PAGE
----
PCSAS’s approach to reviewing applications is modeled after the federal grant review panels at the National Institutes of Health (NIH) and the National Science Foundation (NSF). Each applicant program is assigned a primary and a secondary reviewer, whose identities remain confidential. These reviewers are expected to evaluate the program’s application materials and prepare a preliminary report, which is made available to all RC members prior to a meeting. In addition, applicant programs are assigned a two-person team of site visitors, who also write a review for the committee. RC members are expected to become familiar with the materials and reviews for all applicant programs, not only those assigned to them. The designated reviewers and site visitors begin the committee’s deliberations on each applicant by presenting their summary findings. Then, the full committee discusses the program’s perceived strengths and weaknesses. Finally, each RC member independently assigns a qualitative evaluation to the application and recommends a specific decision, either to accredit or to deny accreditation. RC members are expected to use a standard scale to anchor their evaluations, rather than making comparative evaluations based on a specific set of applications. RC decisions are based on the summative qualitative judgments of RC members regarding each applicant’s overall quality and outcome record.
The RC has sole responsibility for all accreditation decisions and actions by PCSAS on specific applicant programs. All official decisions and actions by the RC require a quorum of at least two-thirds of the members. A favorable accreditation decision requires that at least a majority of eligible RC members vote in favor. Only RC members who are present throughout the review of a given program’s application are eligible to vote on that program’s accreditation decision. Votes on accreditation, whether categorical or in the form of ratings, are by confidential ballot. RC meetings are not open to the public. The proceedings are not recorded, and reviewers are required to keep the proceedings confidential. RC reviews and decisions must be free from any outside influences that would undermine their integrity. RC procedures include protections, patterned after those of NIH, against unwarranted influences due to conflicts of interest. Ordinarily, RC decisions are final, although in rare cases of factual or procedural errors, the RC may elect (by a vote of at least one-third of the members) to re-review a program’s original application, without amendment, at the next opportunity. (See the Appeal Policy.) Normally, a program that received a negative decision would need to “revise and resubmit” its application, based on the RC feedback, for future consideration.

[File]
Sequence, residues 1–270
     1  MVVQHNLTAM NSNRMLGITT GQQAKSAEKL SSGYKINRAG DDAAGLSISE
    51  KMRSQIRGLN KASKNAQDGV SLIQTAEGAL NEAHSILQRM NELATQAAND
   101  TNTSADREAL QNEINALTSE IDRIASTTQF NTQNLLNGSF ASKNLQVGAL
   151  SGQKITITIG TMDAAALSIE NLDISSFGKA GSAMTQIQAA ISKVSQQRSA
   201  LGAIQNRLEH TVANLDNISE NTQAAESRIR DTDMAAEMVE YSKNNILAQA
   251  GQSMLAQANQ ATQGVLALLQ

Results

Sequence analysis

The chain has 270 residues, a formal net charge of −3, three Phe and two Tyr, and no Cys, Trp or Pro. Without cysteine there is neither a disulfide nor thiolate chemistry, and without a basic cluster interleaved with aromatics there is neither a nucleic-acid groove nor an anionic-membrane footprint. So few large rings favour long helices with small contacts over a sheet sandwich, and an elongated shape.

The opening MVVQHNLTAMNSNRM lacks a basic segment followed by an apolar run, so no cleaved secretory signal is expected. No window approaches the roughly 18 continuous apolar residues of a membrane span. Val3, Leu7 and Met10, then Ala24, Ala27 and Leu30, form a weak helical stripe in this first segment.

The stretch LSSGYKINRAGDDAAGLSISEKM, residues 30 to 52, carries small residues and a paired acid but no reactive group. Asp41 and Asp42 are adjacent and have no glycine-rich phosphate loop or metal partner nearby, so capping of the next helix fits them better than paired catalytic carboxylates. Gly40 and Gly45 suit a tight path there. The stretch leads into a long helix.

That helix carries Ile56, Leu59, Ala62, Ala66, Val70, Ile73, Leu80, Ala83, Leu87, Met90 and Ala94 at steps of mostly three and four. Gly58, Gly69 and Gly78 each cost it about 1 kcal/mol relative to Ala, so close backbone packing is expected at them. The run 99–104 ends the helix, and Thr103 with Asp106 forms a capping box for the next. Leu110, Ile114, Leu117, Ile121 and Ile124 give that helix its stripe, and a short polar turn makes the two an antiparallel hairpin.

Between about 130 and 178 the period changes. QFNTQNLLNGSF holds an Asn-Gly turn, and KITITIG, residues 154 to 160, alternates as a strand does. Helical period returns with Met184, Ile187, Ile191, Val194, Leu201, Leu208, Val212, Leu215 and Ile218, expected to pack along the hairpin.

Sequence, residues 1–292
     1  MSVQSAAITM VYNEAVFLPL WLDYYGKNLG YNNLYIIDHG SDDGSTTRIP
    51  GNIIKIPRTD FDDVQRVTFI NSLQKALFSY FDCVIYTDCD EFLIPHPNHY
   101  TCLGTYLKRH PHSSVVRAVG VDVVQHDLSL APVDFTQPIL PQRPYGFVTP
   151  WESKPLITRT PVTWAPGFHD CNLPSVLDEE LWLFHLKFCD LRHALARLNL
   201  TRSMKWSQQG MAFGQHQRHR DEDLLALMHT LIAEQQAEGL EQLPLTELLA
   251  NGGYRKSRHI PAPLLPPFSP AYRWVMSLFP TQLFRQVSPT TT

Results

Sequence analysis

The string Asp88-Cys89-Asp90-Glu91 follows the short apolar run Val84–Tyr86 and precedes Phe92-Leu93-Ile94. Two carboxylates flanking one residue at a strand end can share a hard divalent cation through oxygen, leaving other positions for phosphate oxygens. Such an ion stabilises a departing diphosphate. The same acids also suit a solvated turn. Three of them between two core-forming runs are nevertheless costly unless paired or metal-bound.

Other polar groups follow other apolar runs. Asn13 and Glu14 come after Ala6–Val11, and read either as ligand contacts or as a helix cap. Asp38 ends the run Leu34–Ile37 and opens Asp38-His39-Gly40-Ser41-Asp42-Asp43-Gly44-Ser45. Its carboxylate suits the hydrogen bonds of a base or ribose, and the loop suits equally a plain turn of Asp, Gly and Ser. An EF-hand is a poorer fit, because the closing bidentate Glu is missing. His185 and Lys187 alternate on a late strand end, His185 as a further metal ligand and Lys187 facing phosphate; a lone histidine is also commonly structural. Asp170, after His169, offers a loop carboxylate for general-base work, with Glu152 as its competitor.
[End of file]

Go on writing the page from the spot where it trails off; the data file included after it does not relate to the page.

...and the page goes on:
Only the Executive Director is empowered to communicate on behalf of PCSAS regarding the review process, the evaluations, or the outcomes. These communications are done in a manner that protects the confidentiality and integrity of the process. Following each RC meeting, the Executive Director assembles the relevant review materials and drafts correspondence informing applicant programs of the RC’s evaluations and decisions.
The PCSAS Board does not have the authority to interfere with, or override, the RC’s accreditation decisions regarding individual applicant programs. While respecting the autonomy of the RC’s reviews and decisions, however, the Board must exercise its continuing responsibility to oversee and protect the integrity, fidelity, aims, and viability of PCSAS. The Board is responsible for setting and maintaining the general aims, principles, criteria, procedures, and policies to be implemented by the RC. The Board also is responsible for monitoring and evaluating the RC’s performance; for appointing RC members; for revising the aims, principles, criteria, procedures, and policies as appropriate; and for informing CHEA, doctoral programs, relevant organizations, and the public at large of its oversight and quality control activities. To ensure the transparency of PCSAS accreditation, the Board is expected to issue an annual report of the organization’s activities and any policy or procedure changes to interested institutions, programs, and agencies. To promote continuous quality improvement, the Board is also expected to seek periodic feedback and evaluation from the institutions and programs with which it has dealings.
Next: The PCSAS Application Process for Existing Clinical Psychology Programs